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Leonard Nimoy Turns 80 165

Posted by Soulskill
from the if-shatner-gets-one-so-does-nimoy dept.
ZosX writes "Leonard Nimoy, whom we all fondly remember as Spock, has turned 80 today. StarTrek.com has posted a three-part interview with Nimoy. He talks about shooting the original series ('it was explained to me that they were concerned that the character looked devilish'), moving to the silver screen ('The feeling was, after that first movie, there was something to be done with Star Trek, that the first movie hadn't done what was available to be done'), and passing the torch to the new rebooted cast ('I think the alternate universe was necessary.') Thanks for the memories, Mr. Nimoy! May you live long and prosper!"
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Leonard Nimoy Turns 80

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  • by Kell Bengal (711123) on Saturday March 26, 2011 @08:30PM (#35626098)
    What is it with the cast of Star Trek all celebrating birthdays? It's like it's an annual occurrence or something!
  • by Anonymous Coward

    Was he the guy who invented the spork?

  • Thanks Leo (Score:5, Insightful)

    by spliffington (1130983) on Saturday March 26, 2011 @08:37PM (#35626144)
    For being the face of Vulcans, All those groovy spaced out 60's go go records and for all that voiceover work through the years. Especially Civ4. Thanks for doing what you do!
  • I decided to "skip a year" of Fringe with an eye towards one day buying the DVD. At the time he seemed interested in playing William Bell for a few episodes, but apparently things didn't work out.

    • by Kozz (7764)

      I decided to "skip a year" of Fringe with an eye towards one day buying the DVD. At the time he seemed interested in playing William Bell for a few episodes, but apparently things didn't work out.

      Well, what's amusing is that in the most recent (?) episode, his character sort of makes a "comeback", although not with Nimoy. Yet I must say that the person who is "doing" the Bell character definitely seems to be attempting to also emulate Nimoy's speech and mannerisms. Details left slim to avoid spoilers...

    • by Anonymous Coward

      He was only cast to do 3 episodes. He was open to doing more, but it would depend on a lot of external factors and his schedule. From what I have read, it was pretty much just a favor to JJ Abrams. http://insidetv.ew.com/2009/05/01/leonard-nimoy-o/

  • As a semi-professional photographer I find it interesting that nimoy took up photography and directing. You guys should really google for some of his work. Its pretty interesting to say the least. He does have an online gallery:

    http://www.rmichelson.com/Artist_Pages/Nimoy/pages/Leonard-Nimoy-Gallery.html [rmichelson.com]

    Oh and thanks soulskill for filling out the summary a bit.

    • by ZosX (517789)

      OH....NSFW BTW!

  • by Slacker (3964) on Saturday March 26, 2011 @10:08PM (#35626662)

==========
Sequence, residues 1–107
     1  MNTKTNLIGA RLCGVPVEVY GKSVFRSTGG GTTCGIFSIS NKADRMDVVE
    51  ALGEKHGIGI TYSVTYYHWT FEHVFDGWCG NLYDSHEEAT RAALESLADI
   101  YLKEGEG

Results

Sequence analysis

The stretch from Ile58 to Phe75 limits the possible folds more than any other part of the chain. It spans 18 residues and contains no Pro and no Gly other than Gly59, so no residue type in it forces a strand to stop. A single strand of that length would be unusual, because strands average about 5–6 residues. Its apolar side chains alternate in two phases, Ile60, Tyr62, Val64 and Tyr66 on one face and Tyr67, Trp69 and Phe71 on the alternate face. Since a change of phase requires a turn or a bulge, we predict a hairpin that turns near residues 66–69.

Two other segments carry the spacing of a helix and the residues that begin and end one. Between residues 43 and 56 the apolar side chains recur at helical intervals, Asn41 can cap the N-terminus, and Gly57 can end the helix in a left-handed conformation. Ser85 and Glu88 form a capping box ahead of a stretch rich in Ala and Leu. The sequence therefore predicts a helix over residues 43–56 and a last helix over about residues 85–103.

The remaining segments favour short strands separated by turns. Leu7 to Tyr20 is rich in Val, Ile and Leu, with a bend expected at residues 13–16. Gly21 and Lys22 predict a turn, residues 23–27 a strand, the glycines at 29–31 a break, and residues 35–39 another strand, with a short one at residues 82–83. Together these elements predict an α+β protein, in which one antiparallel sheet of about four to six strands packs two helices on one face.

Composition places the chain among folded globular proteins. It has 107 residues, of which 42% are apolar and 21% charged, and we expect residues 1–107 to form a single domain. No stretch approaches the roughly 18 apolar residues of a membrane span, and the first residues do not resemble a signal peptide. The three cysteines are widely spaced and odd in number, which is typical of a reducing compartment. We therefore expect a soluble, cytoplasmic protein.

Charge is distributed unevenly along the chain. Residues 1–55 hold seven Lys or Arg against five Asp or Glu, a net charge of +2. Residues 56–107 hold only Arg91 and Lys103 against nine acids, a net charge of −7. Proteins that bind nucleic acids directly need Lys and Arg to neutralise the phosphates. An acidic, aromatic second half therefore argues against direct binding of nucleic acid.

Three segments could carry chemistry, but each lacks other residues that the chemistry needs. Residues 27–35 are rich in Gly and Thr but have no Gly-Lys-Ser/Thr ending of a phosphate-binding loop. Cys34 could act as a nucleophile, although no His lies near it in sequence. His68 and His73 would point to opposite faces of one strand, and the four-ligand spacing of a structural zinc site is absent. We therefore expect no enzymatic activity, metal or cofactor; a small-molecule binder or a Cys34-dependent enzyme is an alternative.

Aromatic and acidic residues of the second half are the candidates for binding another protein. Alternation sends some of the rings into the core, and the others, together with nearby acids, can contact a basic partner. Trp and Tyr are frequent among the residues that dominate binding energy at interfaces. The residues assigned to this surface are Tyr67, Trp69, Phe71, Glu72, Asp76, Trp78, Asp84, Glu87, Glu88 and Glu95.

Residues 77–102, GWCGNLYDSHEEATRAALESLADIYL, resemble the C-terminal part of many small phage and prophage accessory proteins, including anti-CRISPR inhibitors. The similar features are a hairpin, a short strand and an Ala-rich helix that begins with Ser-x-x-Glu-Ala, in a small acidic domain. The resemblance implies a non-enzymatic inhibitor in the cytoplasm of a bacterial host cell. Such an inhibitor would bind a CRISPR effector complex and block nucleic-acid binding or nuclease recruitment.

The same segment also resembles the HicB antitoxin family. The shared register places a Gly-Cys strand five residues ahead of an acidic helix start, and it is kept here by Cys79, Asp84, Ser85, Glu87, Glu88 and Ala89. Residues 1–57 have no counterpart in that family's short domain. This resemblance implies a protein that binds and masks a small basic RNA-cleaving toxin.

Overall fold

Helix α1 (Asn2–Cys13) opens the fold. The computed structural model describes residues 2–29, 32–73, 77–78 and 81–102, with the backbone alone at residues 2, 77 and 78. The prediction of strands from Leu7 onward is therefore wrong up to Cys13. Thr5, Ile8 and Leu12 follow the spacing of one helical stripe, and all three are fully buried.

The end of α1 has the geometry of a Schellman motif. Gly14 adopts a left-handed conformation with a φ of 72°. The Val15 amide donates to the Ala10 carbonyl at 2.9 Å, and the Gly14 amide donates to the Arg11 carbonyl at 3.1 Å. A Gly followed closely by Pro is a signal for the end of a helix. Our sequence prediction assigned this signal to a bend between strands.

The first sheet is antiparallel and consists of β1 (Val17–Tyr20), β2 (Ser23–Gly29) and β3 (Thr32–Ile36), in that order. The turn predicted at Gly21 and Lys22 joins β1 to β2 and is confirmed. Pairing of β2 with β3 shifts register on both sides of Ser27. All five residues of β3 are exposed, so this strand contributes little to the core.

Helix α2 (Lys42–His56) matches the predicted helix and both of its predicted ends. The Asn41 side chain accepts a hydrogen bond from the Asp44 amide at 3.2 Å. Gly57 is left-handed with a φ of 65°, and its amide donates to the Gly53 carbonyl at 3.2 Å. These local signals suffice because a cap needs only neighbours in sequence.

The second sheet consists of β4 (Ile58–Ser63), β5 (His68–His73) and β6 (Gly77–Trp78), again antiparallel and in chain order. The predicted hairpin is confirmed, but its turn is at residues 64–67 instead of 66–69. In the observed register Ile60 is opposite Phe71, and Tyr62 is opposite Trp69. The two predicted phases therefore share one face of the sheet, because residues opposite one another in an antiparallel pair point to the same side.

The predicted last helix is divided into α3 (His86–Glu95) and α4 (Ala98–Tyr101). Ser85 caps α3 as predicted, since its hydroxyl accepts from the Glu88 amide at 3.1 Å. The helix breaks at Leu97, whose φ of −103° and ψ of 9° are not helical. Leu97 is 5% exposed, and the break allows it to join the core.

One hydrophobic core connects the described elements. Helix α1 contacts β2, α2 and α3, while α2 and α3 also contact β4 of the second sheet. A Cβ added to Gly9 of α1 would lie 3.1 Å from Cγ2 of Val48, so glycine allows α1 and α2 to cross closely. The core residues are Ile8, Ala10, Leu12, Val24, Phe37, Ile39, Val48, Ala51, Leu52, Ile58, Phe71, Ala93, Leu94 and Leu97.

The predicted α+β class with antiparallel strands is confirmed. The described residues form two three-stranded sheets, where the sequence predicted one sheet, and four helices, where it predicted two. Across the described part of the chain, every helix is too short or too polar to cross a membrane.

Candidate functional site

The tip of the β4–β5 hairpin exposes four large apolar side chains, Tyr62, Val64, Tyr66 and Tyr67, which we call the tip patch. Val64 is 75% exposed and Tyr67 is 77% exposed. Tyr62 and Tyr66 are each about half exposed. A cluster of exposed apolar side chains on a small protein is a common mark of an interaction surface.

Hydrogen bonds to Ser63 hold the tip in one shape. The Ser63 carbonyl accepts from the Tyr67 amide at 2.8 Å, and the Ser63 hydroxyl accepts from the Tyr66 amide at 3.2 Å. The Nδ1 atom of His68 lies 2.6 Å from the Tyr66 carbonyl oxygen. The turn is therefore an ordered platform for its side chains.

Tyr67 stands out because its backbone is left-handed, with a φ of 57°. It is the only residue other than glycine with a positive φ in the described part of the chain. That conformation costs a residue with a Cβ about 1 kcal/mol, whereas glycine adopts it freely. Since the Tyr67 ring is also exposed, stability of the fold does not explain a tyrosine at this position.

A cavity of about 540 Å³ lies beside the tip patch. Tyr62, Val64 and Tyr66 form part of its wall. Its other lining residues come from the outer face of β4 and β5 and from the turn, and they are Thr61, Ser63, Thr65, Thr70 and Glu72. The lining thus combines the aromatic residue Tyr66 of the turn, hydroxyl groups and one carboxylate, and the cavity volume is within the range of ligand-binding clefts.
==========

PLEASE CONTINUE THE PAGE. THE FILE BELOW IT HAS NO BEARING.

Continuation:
He wrote and hosted the series "In Search Of..." from 1976-1982

    http://www.imdb.com/title/tt0074007/ [imdb.com]

    " Lost civilizations, extraterrestrials, myths and monsters, missing persons, magic and witchcraft, unexplained phenomena. "In Search Of..." cameras are traveling the world, seeking out these great mysteries. This program was the result of the work of scientists, researchers and a group of highly-skilled technicians."

    Many of these episodes were pure awesome for us kids that grew up just missing the first run of OST, but still getting to hear him wax poetic about alien visitors and way off the beaten path "science".

    • by VValdo (10446)

      Another series he did, besides "In Search Of..." (which was a cool show) from the early 80s that for some reason doesn't show up on his IMDB page [imdb.com]was on Nickelodeon called

      Standby... Lights Camera Action! [wikipedia.org]

      It was broken into segments where they showed "behind the scenes" making-of videos of movies including "Gandhi", "The Meaning of Life", and "Return of the Jedi" (examples here [youtube.com])

      W

    • by Dan East (318230)

      That show was one of the scariest things I encountered during my childhood. All of it. The creepy synth music, the topics, the writing, and most of all, Nimoy's narrating. Terrifying stuff for an 8 year old. Of course I ate it up.

  • Nimoy's okay, but... (Score:5, Interesting)

    by KingSkippus (799657) on Saturday March 26, 2011 @10:28PM (#35626752) Homepage Journal

    Nimoy's okay, but I miss James "Scotty" Doohan. I saw Nimoy in person back in 1988 when he did a talk in Alabama. It was an interesting talk, but he didn't do autographs or anything, which was a bit disappointing. I saw Jimmy Doohan a few years later, and not only did he have an autograph session, but he actually scheduled a second impromptu one for people who couldn't make the first one, and was telling us stories the whole time. It was awesome. One of my prize possessions is an autographed copy of Mr. Scott's Guide to the Enterprise. Not so much because the signature, but because of the memories that go along with what was happening at the time I got it.